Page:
Hauling water may not be cost effective for you, but considering replacement costs of large gardens it may be worth it.
“I can’t go over the water allotment without them restricting flow. Look at the cost of letting everything die and then replacing it. That’s the driving force. We were bone dry.” – Chris Rossiter
A year ago, Danville resident Chris Rossiter received a $900 water bill. His 6/10ths acre property has a large swimming pool, grass in front and back and his wife is a “plant junkie”. He had used nearly 2,120 gallons per day to keep his backyard paradise thriving.
Now facing steep restrictions from his water company, that same bill would have been $1,540 which includes a rate increase, drought charge and penalty for using over 1,400 gallons per day. Instead, he’s cut his sprinkler usage to once a week and cut run times in half. His bill dropped to $200 and his usage is around 500 gallons per day. The ground is dry; everything is still dry.
At a recent gathering, Chris asked me what I was up to and I mentioned this blog. He was very intrigued. He had no idea that two nearby waste water treatment plants had free recycled water available to anyone that wanted to haul it, albeit in the 300 gallon variety.
Chris retired a number of years ago and has extensive knowledge in high voltage electricity, pump applications, piping and is a general DIY’er around his house. Setting up a system to haul recycled water was right up his alley and the wheels began turning in his head immediately. By the end of the event Chris already knew who had a trailer he could use, where to get a tank, and how to set it up and abide by the rules set forth by each water agency.
The Fun Begins
It took about a week to get everything setup.
Chris borrowed a trailer from his neighbor and set-off to find a tank. He looked around at local shops and saw Ace Hardware had tanks for $160 each. Via Craigslist, Chris found a farmer in Salinas that had 300 gallon totes for $50. A drive there and back with two totes cost a total of $130, cheaper than getting them locally. He bought a 2” cam lock connector from McMaster-Carr to go from his tank through a flexible pipe to his pump.
He acquired a used pool pump from a friend for $100. It was heavier than he thought and after dropping it, it also needed a new motor. $180 later, with a new motor he was ready to go. He added another cam lock fitting to the pump discharge and setup his quick disconnect station in his driveway. Now the major plumbing started.
He read my article last week about not being able to plumb recycled water to his on-site irrigation system so he set out to lay 1-1/2” PVC from the driveway to his side yard (with a connection for a separate garden hose across his driveway to the other side yard). Once in the side yard he setup a few impact sprinklers running off garden hoses setup in series.
In the backyard he has a large grass area with garden behind leading down to a creek. Chris attached sprinkler heads to PVC pipe and two metal fence posts stakes to elevate them over the yard. Similar to elevated sprinklers you would see at a farm. Tack on a couple impact sprinklers and he was in business.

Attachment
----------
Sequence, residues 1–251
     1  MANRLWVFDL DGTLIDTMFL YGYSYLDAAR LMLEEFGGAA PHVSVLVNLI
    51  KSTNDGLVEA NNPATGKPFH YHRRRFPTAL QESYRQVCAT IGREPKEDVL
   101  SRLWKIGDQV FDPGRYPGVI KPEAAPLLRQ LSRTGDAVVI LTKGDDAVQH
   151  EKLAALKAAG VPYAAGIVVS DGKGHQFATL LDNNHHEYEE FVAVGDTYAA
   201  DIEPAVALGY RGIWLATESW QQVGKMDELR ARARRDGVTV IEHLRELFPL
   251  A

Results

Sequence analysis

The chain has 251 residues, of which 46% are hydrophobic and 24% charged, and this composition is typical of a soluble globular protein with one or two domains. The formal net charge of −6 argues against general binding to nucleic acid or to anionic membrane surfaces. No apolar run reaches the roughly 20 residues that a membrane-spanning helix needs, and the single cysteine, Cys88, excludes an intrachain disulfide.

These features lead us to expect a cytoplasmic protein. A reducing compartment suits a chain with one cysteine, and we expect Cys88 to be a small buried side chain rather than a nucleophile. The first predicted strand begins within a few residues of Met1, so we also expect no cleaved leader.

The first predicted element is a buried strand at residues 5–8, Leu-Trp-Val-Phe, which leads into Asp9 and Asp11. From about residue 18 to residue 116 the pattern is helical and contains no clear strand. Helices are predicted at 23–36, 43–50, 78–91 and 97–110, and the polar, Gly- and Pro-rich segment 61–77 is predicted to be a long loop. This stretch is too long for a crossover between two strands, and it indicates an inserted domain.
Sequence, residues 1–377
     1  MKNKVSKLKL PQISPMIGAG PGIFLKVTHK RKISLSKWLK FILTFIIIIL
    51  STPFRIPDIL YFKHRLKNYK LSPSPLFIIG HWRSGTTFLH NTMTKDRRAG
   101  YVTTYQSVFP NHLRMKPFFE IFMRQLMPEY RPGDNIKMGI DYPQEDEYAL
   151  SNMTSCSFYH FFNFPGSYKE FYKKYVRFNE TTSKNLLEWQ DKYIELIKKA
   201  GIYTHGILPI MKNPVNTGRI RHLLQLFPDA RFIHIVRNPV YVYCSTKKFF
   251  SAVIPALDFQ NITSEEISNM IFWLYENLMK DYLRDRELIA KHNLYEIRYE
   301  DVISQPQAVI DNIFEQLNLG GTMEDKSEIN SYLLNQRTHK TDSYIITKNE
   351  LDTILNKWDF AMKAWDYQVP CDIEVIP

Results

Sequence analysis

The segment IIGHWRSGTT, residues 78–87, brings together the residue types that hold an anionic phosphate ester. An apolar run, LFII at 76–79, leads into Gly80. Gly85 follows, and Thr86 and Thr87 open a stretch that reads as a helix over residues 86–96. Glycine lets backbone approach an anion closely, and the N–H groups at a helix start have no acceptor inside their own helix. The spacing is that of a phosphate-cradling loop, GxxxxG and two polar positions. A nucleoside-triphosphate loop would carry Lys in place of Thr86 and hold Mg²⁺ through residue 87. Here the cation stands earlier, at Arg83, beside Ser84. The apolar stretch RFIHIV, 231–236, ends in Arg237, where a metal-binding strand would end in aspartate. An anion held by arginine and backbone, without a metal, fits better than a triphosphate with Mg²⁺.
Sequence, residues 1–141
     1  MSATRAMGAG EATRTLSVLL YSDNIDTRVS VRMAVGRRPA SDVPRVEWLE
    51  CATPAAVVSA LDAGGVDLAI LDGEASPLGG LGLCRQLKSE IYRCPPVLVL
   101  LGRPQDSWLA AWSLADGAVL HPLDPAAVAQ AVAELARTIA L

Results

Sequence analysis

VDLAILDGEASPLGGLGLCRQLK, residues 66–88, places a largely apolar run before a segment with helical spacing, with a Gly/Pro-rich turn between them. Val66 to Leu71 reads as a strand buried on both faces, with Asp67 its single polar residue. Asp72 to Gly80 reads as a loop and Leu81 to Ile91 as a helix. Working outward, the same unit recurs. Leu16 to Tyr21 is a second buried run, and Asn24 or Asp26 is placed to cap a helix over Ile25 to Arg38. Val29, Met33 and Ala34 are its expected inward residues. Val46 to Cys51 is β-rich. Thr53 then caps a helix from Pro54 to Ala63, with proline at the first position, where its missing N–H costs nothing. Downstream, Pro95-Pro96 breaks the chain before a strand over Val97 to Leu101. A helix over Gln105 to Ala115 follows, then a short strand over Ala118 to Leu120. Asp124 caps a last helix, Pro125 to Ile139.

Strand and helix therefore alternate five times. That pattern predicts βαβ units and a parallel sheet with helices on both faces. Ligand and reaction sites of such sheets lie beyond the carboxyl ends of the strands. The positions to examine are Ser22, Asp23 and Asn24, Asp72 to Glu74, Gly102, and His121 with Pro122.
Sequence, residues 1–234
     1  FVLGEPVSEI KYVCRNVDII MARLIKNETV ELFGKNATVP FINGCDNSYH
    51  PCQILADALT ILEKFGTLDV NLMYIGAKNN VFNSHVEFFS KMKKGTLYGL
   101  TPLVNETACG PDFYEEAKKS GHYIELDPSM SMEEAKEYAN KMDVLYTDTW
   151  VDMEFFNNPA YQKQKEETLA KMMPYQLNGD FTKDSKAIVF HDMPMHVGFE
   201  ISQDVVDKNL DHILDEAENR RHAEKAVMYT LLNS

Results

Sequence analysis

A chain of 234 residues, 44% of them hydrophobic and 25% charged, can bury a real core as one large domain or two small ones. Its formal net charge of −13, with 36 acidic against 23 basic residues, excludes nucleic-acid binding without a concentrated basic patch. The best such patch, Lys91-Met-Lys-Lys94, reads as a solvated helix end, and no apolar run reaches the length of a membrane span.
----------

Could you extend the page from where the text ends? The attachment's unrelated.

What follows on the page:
Lastly, that hose that snaked across his front yard has a fire hose nozzle he purchased from Amazon which he uses for hand watering. His entire setup cost him $500-600.
Chris lives in the CCCSD service district so he can get recycled water from CCCSD. DSRSD enables non-residents to get recycled water also, so he can go there as well. Chris said “DSRSD has screwy hours but a hell of a lot of fill stations. Maybe 28 total plus 3 fill stations for people to pull into with trailers, one of them can fill my tote in 5 minutes.”
His first trip was to CCCSD and he got 300 gallons for free. His round trip mileage is 33 miles. At the going IRS rate of $0.50/mile it costs him $16.50 to get 300 gallons of recycled water. To go to DSRSD it costs him $12.00/trip for 300 gallons. Once home it takes 25 minutes to unload.
Last Friday he made four trips, two to DSRSD and two to CCCSD. On Saturday he made five. DSRSD is only open from 8AM to 12PM so he spent the afternoon driving to CCCSD as they are open till 6PM. In two days he hauled nearly 2,800 gallons of water.
On the weekends, he says he spends 15 minutes waiting to get checked in and another 15 minutes waiting to pull into the trailer area at DSRSD. They’re packed. During the week however, the lines are very short and he’s in and out quickly.
On Sundays he runs his sprinklers through an entire cycle but at 50% of normal run time. He does it so the “sprinklers will rinse everything off”. Recycled water, with its high levels of chlorides will leave ‘water-spots’ on the plant leaves when the water evaporates. The practice is a great idea.
Given the cost of hauling water and the number of trips he needs to make to meet the water demands of his yard, he said economically it’s not worth doing. I asked him why he does it and he said “I can’t go over the water allotment without them restricting flow. Look at the cost of letting everything die and then replacing it. That’s the driving force. We were bone dry. Once we get caught up, we might get down from [getting recycled water] a couple of times a day down to a couple of times a week.”
Since he just started he doesn’t know what his water usage will drop to, but it sure beats the alternative. I’ll follow up with him in a month and let you all know!